DDS provides a great technology to integrate applications built from separate components. It sits closer to the application. It provides a higher-level interface in terms of Topics, application data-types, application-relevant QoS (e.g., reliability, durability, priority, deadlines) and takes care of the lower-level details like discovering the endpoints and setting up the communication paths. However, while DDS tries to do its best by using efficient binary protocols, it cannot guarantee deterministic behavior because it does not control the lower-level network layers: It has to live with what the underlying network (e.g., UDP/IP) can provide.
Combining DDS and TSN provides the best of both worlds.
Enforcing Quality of Service
Crucial for real-time systems is the whole concept of QoS. Combining DDS and TSN makes it possible to both specify and enforce application-relevant QoS in distributed systems. This enables system administrators to specify things like which flows need to be reliable, the latency budgets, deadlines, durability requirements, data lifespan, etc. DDS can use this information to automatically configure the TSN network so that the QoS can be guaranteed.
Combining DDS with TSN also saves time through the QoS capabilities in DDS. The application doesn't have to do much beyond configuring their application-relevant DDS QoS. The tedious details of configuring the lower-level TSN concepts are automated, so application integration and deployment is greatly simplified.
The original driver for TSN was the audio and video community, as those systems send high bandwidth signals that need to be precisely coordinated. For example, the signals sent to multiple speakers need to be precisely synchronized to achieve proper sound perception for the listener. As that started evolving, a lot of other industries noted that they were having similar challenges. Multi-axis control machines, robots, 3D printing and automotive are good examples, as they involve coordinated action occurring at multiple endpoints.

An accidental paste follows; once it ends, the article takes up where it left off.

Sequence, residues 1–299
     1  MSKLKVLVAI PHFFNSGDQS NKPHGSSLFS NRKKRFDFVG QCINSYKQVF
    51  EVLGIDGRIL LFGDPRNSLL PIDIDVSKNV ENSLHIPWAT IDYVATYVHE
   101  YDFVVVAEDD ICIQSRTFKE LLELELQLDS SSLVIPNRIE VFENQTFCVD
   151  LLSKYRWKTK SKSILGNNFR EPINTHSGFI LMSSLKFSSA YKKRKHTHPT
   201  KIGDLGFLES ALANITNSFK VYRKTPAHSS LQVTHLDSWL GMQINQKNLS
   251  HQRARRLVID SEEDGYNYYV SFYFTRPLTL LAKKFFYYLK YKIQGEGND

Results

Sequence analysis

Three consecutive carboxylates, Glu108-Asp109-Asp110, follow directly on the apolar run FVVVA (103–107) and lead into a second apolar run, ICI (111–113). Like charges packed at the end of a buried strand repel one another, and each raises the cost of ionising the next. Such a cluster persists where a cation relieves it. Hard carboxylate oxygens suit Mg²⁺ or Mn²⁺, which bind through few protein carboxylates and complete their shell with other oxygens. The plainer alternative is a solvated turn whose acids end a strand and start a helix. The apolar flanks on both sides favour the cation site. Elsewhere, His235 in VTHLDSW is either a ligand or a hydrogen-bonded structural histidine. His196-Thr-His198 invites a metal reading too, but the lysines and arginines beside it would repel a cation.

So, rather than using multiple networks and multiple wires, all traffic can share a single real-time TSN. This provides significant savings in terms of complexity and hardware. It also future-proofs the design: new components can be added by simply plugging them into the common TSN network.
DDS solves that issue as well at the application layer. Application processes and components can also be “plugged into” the common DDS databus. In addition to improved interoperability, bandwidth and performance for distributed systems, you won’t be stuck with a system architecture that looks like a 1950s telephone switchboard.
There is a clear need for what DDS and TSN can accomplish together. Currently, there is even a proposal for the Object Management Group (OMG) to develop a new standard for DDS with TSN. This is work that RTI is involved in, and it is expected to become an OMG standard in 2020.
The ability to use standard technology and middleware to integrate hard real-time applications could be revolutionary. It would enable common tool chains to be developed across an ecosystem of commercial technology providers. This would lower the cost and significantly simplify the responsibilities of application developers and system integrators. Moreover, it would ensure that the resulting systems do not become siloed and retain the ability to easily incorporate future technology benefits. To learn more about this topic, I encourage you to read this blog by RTI’s Rajive Joshi.
About the author:
Gerardo Pardo - Castelotte is the Chief Technology Officer at Real-Time Innovations. He is responsible for RTI's technical direction, standardization efforts and product architecture. He received a Master's degree in computer science from Stanford University and a Ph.D. in Electrical Engineering from Stanford University.